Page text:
So I kept having this conversation. "What's up?" "Well, I wrote a thing. Look." And I show them my phone running DymaxionMap, and they say, "Wow, that's freaky!" And I ask, "Do you recognize it?", and they say "No." And I ask, "Do you know who Buckminster Fuller was?" "No." (They always say no. Nobody knows who he was.) "Well, he was this brilliant and kooky mathematician and engineer who invented all of these amazing things, with this very sincere social agenda behind them all, like, he invented the geodesic dome and tensegrity structures and it was with the explicit goal of making inexpensive prefab housing to make homelessness impossible. And this map -- which distorts the relative size of the land masses less than most other projections -- whose political goal was to make everyone realize that all the contintents are more or less connected, and that north and south are political constructs, and it's really one big island that we're all stuck on together. But he was a huge proto-hippie and it wasn't convenient or familiar and nobody cared. So he had these huge ideas, invented all of these incredible things, almost none of which ever actually became relevant or important. He died a fairly tragic figure like, I dunno, Tesla, except that we actually use AC current, and nobody uses a geodesic dome outside of god damned Burning Man, and everything he devoted his life to kind of came to nothing. And then it occurs to me that maybe I'm not talking about Buckminster Fuller at all any more and I get another drink. So. I hope you like the screen saver.

Hydrostat: I ported some Javascript code for this one, and spiced it up by sprinkling more 3D on it. Well, 2½D, more like. When you run it on your phone, pick one of them up and drag it. Spin it in a circle really fast to make it dizzy. They love that.


About that Android port: Let me remind you of the layers of software archaeology going on here:

I started writing XScreenSaver in 1991, using the then-relevant vintage-1985 X11 API. A couple years later, I added the first 3D hacks, targetting the vintage-1992 OpenGL API.

When porting XScreenSaver to other platforms, my goal is to keep a single code base that compiles for multiple platforms. That is, I don't want to end up with two different files that implement "Decayscreen" using different APIs or different languages.

So when I ported it to MacOS, I did that by implementing most of X11 in terms of Cocoa.

That was, you know, kind of a lot of work.

Then I wanted to port it to iOS. Well, iOS supports something kind of like Cocoa, so I got to re-use a lot of that work, but it doesn't have OpenGL, it has OpenGLES instead -- which, despite the similar name, doesn't have much in common with its namesake. Which is incredibly stupid. I talked about that at length here.

So I implemented most of OpenGL in terms of OpenGLES.

That was, you know, kind of a lot of work.

So then Dennis made a first pass at porting XScreenSaver to Android. Now, Android really, really wants you to write your programs in Java. But, there is a "native interface" where Java code can call out to C code. It's a hairy, finicky pain in the ass. So he got a chunk of the xscreensaver C code to compile on Android (cross-compiling for like 16 different architectures, since the Android ecosystem is so amazingly fragmented). He was able to use my OpenGLES implementation of OpenGL to get some of the hacks up and running. (The interface between C and Java is completely maniacal. Transferring objects between the two languages is incredibly verbose, and extremely persnickety about object lifetimes, what's running in what thread, and exceptions. I recommend avoiding JNI if at all possible.)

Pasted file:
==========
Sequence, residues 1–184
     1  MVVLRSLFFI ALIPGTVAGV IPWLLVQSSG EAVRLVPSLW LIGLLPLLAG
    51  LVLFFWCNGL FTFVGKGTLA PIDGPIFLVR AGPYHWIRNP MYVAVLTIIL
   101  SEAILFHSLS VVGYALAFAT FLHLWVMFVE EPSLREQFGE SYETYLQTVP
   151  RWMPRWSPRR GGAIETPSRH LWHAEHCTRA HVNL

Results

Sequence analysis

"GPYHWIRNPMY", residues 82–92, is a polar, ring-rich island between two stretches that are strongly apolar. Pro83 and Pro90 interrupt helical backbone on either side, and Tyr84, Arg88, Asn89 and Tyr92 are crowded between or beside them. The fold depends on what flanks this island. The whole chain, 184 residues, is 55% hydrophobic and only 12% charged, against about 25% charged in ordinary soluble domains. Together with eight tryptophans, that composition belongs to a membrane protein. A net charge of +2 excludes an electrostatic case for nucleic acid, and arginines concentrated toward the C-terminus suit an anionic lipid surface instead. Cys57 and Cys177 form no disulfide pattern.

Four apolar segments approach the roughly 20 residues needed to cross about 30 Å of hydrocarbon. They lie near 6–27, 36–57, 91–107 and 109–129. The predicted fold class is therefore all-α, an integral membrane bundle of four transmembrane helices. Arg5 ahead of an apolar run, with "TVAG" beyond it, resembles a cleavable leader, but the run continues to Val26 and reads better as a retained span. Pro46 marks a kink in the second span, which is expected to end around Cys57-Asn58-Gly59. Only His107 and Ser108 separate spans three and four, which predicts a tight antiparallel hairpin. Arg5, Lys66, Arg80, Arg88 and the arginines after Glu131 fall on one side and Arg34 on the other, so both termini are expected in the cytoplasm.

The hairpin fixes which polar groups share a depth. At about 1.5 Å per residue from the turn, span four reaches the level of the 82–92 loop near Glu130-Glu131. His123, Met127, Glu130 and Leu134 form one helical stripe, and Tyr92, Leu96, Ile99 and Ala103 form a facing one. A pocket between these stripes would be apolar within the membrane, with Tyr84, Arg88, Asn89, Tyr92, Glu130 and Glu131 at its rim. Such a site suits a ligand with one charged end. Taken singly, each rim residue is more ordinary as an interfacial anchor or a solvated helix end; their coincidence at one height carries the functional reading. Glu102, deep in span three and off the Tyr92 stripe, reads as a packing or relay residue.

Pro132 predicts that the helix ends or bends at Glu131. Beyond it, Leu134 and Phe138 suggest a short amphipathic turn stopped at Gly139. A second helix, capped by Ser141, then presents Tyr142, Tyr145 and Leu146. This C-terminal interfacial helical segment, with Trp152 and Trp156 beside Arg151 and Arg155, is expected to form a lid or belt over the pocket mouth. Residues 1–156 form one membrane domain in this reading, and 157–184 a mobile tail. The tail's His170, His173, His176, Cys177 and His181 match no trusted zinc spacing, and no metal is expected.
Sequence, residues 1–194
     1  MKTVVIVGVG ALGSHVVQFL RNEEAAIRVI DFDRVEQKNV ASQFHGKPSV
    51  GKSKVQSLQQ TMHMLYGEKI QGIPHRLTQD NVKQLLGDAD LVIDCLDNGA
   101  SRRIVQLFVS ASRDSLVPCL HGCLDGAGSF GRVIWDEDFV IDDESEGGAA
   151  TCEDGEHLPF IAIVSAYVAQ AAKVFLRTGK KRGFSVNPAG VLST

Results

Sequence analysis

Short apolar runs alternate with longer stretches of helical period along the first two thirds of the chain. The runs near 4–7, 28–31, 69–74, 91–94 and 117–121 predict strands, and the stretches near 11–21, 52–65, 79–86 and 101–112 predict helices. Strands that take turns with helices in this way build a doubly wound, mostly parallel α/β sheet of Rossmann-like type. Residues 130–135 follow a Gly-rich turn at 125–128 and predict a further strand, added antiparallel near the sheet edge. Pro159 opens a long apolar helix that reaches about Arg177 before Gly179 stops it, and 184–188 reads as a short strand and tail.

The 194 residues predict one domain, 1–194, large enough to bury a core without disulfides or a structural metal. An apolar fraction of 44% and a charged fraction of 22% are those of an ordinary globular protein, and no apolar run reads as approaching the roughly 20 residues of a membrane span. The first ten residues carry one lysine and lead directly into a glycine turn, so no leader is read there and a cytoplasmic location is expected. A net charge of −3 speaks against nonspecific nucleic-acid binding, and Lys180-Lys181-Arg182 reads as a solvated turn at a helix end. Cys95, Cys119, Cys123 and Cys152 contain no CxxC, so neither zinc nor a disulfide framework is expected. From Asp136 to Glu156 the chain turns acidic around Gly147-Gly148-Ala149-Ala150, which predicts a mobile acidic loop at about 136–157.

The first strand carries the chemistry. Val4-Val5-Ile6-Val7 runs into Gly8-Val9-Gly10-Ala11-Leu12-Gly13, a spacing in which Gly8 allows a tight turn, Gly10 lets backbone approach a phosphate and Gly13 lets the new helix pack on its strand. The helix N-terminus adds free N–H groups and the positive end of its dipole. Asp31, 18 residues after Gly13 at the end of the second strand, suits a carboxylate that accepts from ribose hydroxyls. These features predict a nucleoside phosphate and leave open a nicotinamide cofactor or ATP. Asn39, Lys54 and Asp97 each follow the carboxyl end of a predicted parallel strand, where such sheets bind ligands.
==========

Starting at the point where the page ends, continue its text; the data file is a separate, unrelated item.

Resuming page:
So then Dave took a crack at getting the X11 hacks working. Instead of doing what I had done the first time and implementing X11 in terms of android.graphics.Canvas or something, he decided to start implementing X11 in terms of OpenGL... Which is altogether a more portable and reasonable idea, and some day we might end up replacing the Cocoa implementation with the OpenGL implementation. But it's not quite complete or up to speed yet.

This is so many layers it's almost like we've built a stack of emulators to run these old programs.

For me this is yet another exercise in "writing programs for hardware you don't own", since I don't have an Android device. That's because I think the Android mobile UI is just monumentally shitty, and I would never inflict that kind of pain on myself in my daily life. I need an appliance that works, not one whose UI feels like it was designed by Linux kernel hackers -- which, in fact, it was. Plus it has all of the security you've come to expect from desktop Linux -- "Oh, I'm sorry Sir, I didn't realize you were root." Pre-jailborken for your botnet and surveillance convenience! I have a lot of issues with Apple and their lock-everything-down gatekeeper business practices, but... "Say what you want about the tenets of National Socialism, at least it's an ethos."